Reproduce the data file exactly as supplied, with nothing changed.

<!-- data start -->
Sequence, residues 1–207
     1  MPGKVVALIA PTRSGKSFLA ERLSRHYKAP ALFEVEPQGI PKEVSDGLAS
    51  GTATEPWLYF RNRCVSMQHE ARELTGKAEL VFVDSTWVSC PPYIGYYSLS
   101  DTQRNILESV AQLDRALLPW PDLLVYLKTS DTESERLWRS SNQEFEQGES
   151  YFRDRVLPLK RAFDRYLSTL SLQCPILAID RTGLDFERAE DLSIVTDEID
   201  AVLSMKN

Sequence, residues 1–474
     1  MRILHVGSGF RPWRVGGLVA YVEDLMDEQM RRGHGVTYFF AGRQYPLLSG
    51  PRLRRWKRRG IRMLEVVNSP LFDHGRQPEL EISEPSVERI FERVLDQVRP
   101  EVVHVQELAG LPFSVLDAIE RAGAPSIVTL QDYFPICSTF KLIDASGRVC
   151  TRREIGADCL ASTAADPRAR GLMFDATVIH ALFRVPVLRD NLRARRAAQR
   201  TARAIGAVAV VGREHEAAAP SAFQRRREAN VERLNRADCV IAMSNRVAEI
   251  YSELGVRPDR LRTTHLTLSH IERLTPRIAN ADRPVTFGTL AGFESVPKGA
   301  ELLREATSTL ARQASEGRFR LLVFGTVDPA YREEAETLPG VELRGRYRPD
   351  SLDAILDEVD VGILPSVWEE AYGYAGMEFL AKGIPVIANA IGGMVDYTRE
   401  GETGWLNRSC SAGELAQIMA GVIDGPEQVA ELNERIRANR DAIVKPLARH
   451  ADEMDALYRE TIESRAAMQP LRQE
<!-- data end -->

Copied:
Sequence, residues 1–207
     1  MPGKVVALIA PTRSGKSFLA ERLSRHYKAP ALFEVEPQGI PKEVSDGLAS
    51  GTATEPWLYF RNRCVSMQHE ARELTGKAEL VFVDSTWVSC PPYIGYYSLS
   101  DTQRNILESV AQLDRALLPW PDLLVYLKTS DTESERLWRS SNQEFEQGES
   151  YFRDRVLPLK RAFDRYLSTL SLQCPILAID RTGLDFERAE DLSIVTDEID
   201  AVLSMKN

Sequence, residues 1–474
     1  MRILHVGSGF RPWRVGGLVA YVEDLMDEQM RRGHGVTYFF AGRQYPLLSG
    51  PRLRRWKRRG IRMLEVVNSP LFDHGRQPEL EISEPSVERI FERVLDQVRP
   101  EVVHVQELAG LPFSVLDAIE RAGAPSIVTL QDYFPICSTF KLIDASGRVC
   151  TRREIGADCL ASTAADPRAR GLMFDATVIH ALFRVPVLRD NLRARRAAQR
   201  TARAIGAVAV VGREHEAAAP SAFQRRREAN VERLNRADCV IAMSNRVAEI
   251  YSELGVRPDR LRTTHLTLSH IERLTPRIAN ADRPVTFGTL AGFESVPKGA
   301  ELLREATSTL ARQASEGRFR LLVFGTVDPA YREEAETLPG VELRGRYRPD
   351  SLDAILDEVD VGILPSVWEE AYGYAGMEFL AKGIPVIANA IGGMVDYTRE
   401  GETGWLNRSC SAGELAQIMA GVIDGPEQVA ELNERIRANR DAIVKPLARH
   451  ADEMDALYRE TIESRAAMQP LRQE